Similarly, the juvenile Sikh ruler Maharaja Duleep Singh was forced to hand over to the British Koh-i-Noor, once the world’s largest diamond, weighing 793 carats.
Similar is the fate of other desi diamonds, e.g. the Blue Hope in US’ possession today; the pink Daria-i-Noor now in Iran; the Dresden Green now in Germany; Orlov in Russia, Nassak diamond in the US, etc. Most of them passed from Hindu dynasties like the Kakatiyas to Muslim rulers and then to the British raj.
Another curious case is of Amravati stupa, which was recklessly and continuously dismembered over time and now features in museums of France, Singapore, the United States and of course United Kingdom (“Amravati Gallery” in British Museum). A complete metal Buddha statue known as Sultanganj Buddha found itself in Birmingham museum and is today known as Birmingham Buddha. Other prominent plundered items are the Golden Throne of Maharaja Ranjit Singh, the royal jade wine cup of Shahjahan, Vag Devi Saraswati idol, etc.
Many times, the perverted pretext for imperialists’ loot was to preserve the heritage—not in situ (on-site) but off-site, thus contradicting the recognized principle of preservation. Innumerable Chola bronze works, miniature paintings, exotic Indian artworks, literature and other artifacts were deracinated and sold at an exorbitant price back in England.
British museums are virtually replete with the swindled items of Indian heritage. When asked to return Kohinoor to India, the former Prime Minister David Cameron replied, “If you say yes to one, you would suddenly find the British Museum would be empty. I’m afraid to say it [Kohinoor] is going to have to stay put”. It was the frank acceptance that British museums are nothing but a collection of the misappropriated Indian heritage. The articles of heritage, looted by the British, run in at least 5 figures, if not 6.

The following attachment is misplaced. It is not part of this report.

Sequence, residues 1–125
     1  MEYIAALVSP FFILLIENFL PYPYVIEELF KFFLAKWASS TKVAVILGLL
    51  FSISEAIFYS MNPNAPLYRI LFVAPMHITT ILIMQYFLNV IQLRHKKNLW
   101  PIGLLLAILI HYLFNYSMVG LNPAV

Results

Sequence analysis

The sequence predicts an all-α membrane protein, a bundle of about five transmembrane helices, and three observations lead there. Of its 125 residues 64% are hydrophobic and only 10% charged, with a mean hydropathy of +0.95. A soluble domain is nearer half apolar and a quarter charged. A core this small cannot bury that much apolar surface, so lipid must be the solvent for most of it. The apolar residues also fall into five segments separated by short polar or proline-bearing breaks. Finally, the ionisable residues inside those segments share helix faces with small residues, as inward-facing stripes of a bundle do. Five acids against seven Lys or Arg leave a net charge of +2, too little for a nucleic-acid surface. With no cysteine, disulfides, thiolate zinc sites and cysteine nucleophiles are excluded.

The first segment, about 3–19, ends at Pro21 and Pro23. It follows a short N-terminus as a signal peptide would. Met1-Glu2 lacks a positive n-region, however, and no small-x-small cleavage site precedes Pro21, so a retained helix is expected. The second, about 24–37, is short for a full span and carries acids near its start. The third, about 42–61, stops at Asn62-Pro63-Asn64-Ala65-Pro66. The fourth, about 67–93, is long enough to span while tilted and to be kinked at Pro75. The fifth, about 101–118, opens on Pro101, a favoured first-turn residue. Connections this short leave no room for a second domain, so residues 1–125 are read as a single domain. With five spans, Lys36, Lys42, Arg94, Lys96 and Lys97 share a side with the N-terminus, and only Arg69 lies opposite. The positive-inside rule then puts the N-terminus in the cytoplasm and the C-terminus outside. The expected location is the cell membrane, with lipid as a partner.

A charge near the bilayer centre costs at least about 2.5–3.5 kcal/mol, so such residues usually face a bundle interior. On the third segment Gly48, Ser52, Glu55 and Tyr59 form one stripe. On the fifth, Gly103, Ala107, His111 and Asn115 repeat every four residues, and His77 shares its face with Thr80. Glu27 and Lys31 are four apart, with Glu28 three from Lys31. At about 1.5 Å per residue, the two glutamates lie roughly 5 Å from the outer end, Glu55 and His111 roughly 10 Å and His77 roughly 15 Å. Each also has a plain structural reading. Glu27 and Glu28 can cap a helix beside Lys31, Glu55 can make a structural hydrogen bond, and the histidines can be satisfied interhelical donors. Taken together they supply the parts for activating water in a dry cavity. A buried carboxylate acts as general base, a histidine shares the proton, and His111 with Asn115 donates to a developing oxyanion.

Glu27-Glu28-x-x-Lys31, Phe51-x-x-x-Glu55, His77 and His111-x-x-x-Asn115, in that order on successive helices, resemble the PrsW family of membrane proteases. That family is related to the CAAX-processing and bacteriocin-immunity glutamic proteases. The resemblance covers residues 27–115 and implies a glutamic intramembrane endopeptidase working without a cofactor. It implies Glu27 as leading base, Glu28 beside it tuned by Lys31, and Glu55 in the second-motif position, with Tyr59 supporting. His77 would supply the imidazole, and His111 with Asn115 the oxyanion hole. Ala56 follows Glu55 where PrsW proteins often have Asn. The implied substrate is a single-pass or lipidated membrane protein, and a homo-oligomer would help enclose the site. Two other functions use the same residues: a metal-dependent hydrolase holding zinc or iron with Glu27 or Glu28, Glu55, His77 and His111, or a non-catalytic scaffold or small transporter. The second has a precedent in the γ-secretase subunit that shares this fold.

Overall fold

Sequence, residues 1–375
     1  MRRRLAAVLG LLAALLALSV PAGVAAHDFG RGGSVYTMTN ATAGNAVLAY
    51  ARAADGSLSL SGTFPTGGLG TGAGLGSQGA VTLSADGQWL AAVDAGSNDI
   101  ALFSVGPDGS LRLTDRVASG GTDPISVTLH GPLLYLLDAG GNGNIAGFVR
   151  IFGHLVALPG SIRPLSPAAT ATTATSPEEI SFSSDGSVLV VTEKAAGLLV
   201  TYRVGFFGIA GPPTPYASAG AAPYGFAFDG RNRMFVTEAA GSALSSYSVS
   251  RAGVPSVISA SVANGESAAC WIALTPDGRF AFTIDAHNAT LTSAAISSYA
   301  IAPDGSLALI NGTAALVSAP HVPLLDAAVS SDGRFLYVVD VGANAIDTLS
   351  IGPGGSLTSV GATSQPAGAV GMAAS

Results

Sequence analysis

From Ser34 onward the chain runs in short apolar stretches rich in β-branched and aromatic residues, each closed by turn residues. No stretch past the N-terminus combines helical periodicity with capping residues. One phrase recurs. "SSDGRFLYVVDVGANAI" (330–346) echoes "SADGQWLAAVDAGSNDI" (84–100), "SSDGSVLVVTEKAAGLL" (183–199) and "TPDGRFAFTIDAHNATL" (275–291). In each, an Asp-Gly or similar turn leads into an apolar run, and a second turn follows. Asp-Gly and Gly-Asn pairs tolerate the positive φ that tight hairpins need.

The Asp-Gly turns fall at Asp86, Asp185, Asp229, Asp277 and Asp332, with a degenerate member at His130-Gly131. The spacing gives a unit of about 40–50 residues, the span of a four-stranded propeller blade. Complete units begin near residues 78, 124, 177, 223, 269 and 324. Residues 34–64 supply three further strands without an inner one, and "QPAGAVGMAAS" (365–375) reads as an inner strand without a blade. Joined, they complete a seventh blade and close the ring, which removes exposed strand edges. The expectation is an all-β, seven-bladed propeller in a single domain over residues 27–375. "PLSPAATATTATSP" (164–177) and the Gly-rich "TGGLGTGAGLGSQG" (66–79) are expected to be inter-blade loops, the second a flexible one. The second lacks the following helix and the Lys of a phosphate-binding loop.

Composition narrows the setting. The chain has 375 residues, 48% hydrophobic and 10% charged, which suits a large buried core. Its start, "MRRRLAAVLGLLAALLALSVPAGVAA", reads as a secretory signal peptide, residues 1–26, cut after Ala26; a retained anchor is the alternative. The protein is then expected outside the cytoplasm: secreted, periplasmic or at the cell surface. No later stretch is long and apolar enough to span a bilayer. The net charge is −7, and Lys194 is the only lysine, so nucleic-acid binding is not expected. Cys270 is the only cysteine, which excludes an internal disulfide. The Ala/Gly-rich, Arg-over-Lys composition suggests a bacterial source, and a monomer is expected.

The Ongoing Loot
We will be naïve if we think that the civilizational loot has stopped with the departure of the British. In fact, India is the hot spot of heritage looting, illegal digging, site plunder and temple theft. According to UNESCO, till 1989 alone, an estimated 50,000 antiques were stolen. Every decade, thousands of cultural properties worth thousands of crores get stolen from India.
Besides looting from the sites of the protected historical monument, where artifacts are at least documented, there is industrial-level loot from around 5 lakhs unprotected sites of monuments! Out of an estimated 7 million extant antiquities, only 1.3 million are documented. Worse, India neither leverages Interpol’s vast database of stolen heritage objects to track heritage crimes, nor it adds to this database the known cases of antiques stealing. Archaeological Survey of India never participates or collects data on Indian antiquities put on sale by Sotheby’s and Christie’s (CAG report, 2013).
Add to that the poor conviction rate in cases of heritage plunder and big fish not getting caught. One of the few big fish caught includes Subhas Kapoor, from whose possession was confiscated 2622 items worth $107.6 million—not by India but by the US authorities. Even if confiscated, the restitution further suffers from the lack of documentation—if you do not have documents, how would you prove ownership? Back in India, such a large-scale confiscation is unthinkable because, except Idol Wing of Tamil Nadu, there is not even a dedicated monument preservation task force in other states!